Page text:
I have owned this Harden chair for a good many years. It happens to be one of my favorites and has found a place at one time or another as a side chair in the living room, an accent chair in the bedroom and, on occasion, a rather stylish desk chair. I love the Queen Anne styling and have always found it to be one of the most comfortable seats in the house. But the time had come to give the chair a face-lift or, in this case, a chair-lift.
Although I've tackled minor upholstery before—like changing the seat cushions on a dining room chair—the cost of materials and the challenge of having a tight fit edged with brass nail heads, definitely required a professional. (Luckily, I have someone in a nearby town upstate who was able to do it for $80.) But, first I needed to refinish the wood arms and legs.
By tearing away the original upholstery, I was able to cover the exposed wood frame with a coat of primer and then two coats of the same color paint used on the room's trim. My friend and long-time colleague at Country Living—and arbiter of good taste—Robin Long Mayer, helped me choose a burlap-like (but not burlap-priced) upholstery material and velvet piping to coordinate the chair with the room's decor. And it was off to the upholsterer.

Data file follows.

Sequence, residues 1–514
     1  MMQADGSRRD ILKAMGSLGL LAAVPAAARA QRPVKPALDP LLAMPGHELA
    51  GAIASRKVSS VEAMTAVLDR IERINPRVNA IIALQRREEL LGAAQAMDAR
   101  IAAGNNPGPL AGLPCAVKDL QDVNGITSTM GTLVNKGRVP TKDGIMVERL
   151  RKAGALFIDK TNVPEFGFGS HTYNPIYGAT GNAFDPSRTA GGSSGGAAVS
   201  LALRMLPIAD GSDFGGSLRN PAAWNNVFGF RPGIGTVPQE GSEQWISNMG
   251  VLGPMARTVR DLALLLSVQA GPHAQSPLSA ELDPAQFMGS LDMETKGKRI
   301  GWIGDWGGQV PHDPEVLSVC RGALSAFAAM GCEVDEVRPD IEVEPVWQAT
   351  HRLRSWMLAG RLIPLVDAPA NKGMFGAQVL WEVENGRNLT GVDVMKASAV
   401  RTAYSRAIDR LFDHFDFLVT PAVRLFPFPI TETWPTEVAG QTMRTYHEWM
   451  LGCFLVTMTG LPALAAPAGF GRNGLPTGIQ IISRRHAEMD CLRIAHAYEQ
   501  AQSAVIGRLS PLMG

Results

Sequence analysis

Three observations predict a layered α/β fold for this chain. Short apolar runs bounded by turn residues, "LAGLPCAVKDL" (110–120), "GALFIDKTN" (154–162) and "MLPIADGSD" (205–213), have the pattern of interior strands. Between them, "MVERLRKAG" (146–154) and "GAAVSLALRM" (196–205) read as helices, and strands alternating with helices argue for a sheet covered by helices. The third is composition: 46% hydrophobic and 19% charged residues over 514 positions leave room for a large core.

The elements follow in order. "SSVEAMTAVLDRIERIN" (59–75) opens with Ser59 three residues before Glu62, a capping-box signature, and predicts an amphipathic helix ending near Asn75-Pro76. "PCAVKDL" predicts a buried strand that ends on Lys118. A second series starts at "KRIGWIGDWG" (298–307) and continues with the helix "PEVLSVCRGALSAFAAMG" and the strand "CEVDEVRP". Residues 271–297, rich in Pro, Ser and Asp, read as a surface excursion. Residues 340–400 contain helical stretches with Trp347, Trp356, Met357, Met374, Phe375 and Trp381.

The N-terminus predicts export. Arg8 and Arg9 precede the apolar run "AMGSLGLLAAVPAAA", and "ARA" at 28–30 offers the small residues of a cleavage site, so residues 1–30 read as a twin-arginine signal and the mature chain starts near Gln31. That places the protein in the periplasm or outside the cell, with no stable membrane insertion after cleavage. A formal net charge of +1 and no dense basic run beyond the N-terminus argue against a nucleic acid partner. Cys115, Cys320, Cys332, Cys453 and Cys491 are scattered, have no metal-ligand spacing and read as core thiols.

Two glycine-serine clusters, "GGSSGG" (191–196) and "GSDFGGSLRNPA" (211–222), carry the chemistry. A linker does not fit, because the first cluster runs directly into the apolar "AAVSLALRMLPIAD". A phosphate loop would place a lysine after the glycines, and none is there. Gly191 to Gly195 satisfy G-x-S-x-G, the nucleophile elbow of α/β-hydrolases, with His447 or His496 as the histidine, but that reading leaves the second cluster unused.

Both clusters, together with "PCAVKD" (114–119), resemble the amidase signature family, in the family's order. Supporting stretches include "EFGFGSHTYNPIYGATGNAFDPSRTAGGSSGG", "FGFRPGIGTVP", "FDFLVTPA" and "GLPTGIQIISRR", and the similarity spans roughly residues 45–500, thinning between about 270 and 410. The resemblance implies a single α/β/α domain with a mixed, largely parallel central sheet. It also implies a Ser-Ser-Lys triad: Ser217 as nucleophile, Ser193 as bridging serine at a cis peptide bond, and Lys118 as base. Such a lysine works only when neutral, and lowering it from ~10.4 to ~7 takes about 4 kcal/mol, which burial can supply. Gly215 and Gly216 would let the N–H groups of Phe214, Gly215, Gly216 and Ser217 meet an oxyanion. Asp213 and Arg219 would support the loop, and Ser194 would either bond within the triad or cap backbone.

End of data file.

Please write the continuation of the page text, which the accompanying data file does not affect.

When the chair came back with it's lighter covering, I realized that the finish looked flat and lifeless (see left below). What it needed was a glaze, stain or toner that would enhance the carved details and give it a somewhat antiqued look. I turned to one of my favorite decorative paint sources—Caromal Colours. After taping plastic around the new upholstery, I applied Caromal Colours Toner with cheesecloth to the arms and legs and, after a couple of minutes, removed the excess. As you can see below (right), it provided just the right hint of color and definition.
The only steps left were to apply a coat of wax, buff well, and remove the tape and plastic. The final result—a new look, and oh so stylish lift!